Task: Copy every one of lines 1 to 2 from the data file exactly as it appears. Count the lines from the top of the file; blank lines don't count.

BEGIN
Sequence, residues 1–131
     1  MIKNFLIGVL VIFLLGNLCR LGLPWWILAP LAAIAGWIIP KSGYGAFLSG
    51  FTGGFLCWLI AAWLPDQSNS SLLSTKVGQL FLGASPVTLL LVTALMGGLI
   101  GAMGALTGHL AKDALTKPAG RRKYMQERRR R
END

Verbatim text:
Sequence, residues 1–131
     1  MIKNFLIGVL VIFLLGNLCR LGLPWWILAP LAAIAGWIIP KSGYGAFLSG